light it upWhen it comes to crafting, the best way to send that project over the edge of coolness is to LIGHT IT UP! We’ve wired flannel boards with conductive thread, tested a neon sign writer, made super simple lanterns, made some slightly-more-complicated lanterns, crafted a vehicular night light, a castle votive, lightning bugs, cities of light, and illuminated underwear. And who can forget the interior lights on Marissa’s blog birthday cake?

glow baby glow croppedSo when we spotted the Circuit Clay kit by Klutz we were excited. Ideally, the kit allows kids to do all sorts of electrical experimenting, with the added bonus of sculpting unique creations. But conductive clay? Would that even work? I must admit, we were a wee bit skeptical.

klutz circuit clay kitThe Klutz kit retails for around $22 (ages 8 & up). It contains a 52-page instruction booklet, 4 packs of color conductive clay, 1 pack of white insulating clay, 20 color LEDs, a battery pack (4 AA batteries required), and 52 paper embellishments for your projects. Katie put the kit through its paces. Take it away Katie!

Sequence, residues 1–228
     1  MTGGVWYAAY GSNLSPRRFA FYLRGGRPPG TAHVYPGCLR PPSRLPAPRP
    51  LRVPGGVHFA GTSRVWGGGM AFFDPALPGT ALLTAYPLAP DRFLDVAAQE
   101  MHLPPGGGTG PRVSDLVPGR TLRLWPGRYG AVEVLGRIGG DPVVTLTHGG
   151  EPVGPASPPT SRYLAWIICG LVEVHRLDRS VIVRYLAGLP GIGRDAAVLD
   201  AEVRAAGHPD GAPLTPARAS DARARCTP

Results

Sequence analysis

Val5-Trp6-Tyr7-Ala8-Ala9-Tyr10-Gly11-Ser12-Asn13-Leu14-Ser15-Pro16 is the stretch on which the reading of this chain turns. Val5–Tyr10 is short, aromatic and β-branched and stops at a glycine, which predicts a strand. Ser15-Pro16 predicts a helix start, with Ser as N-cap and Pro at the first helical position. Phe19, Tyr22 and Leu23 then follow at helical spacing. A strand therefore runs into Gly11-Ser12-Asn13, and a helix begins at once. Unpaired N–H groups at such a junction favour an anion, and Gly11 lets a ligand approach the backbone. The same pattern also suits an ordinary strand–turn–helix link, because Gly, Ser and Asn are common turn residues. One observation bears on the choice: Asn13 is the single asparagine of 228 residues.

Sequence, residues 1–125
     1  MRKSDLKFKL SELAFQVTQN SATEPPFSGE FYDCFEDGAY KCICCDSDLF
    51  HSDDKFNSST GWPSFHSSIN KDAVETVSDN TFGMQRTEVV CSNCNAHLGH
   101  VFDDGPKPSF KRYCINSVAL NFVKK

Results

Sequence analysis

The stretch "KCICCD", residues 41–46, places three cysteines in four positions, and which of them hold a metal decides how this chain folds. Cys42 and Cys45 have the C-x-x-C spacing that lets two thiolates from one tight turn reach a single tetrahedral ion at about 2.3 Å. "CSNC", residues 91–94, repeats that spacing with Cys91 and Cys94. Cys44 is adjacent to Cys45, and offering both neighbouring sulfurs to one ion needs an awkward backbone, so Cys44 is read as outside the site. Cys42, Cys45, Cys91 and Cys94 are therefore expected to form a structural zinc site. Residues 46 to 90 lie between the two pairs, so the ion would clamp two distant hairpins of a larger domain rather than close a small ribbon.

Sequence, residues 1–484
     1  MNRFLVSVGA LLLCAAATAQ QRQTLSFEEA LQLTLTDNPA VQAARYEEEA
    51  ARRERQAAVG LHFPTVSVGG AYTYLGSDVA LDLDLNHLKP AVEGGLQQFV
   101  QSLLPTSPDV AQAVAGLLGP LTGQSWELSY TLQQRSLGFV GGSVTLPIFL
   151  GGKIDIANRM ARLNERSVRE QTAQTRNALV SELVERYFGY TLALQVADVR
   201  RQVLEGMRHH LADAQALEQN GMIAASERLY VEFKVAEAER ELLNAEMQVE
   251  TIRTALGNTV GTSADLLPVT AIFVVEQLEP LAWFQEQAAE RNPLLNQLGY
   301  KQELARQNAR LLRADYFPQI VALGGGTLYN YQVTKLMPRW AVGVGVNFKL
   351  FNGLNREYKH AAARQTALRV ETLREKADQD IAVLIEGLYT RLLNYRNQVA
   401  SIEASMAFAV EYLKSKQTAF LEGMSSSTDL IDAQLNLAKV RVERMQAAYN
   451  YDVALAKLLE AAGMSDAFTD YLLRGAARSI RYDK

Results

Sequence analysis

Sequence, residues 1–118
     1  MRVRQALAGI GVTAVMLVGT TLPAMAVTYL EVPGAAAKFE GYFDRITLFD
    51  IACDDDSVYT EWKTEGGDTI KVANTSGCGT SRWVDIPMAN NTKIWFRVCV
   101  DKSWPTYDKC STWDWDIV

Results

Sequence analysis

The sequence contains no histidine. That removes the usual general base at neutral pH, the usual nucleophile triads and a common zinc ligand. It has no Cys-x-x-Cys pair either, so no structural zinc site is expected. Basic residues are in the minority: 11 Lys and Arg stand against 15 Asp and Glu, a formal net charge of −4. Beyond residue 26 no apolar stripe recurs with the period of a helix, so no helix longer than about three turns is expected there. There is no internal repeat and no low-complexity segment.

Following the instruction booklet’s explanation of a basic circuit, I molded two balls of green clay into cubes, pushed the wire legs of a red bulb into each cube, and inserted the positive (red) wire and the negative (black) wire into the cubes. Lo and behold, the bulb illuminated when I flipped on the battery case!

klutz circuit clay battery pack and bulbFeeling certain in my understanding of basic circuits, I moved ahead in the instruction book and created a Princeton University-inspired orange and black flower, complete with a little glowing bee and butterfly from the kit’s paper add-ons.

The flower project required the use of the insulating clay, which doesn’t allow the electric current to flow through it. However, the instructions were straightforward. The clay petals were pretty thin, so it was challenging to make sure the bulb’s wire legs were fully inserted. One wrong move, and the bulb would go out. This issue would be doubly hard for kids. However, the end result was pretty cool: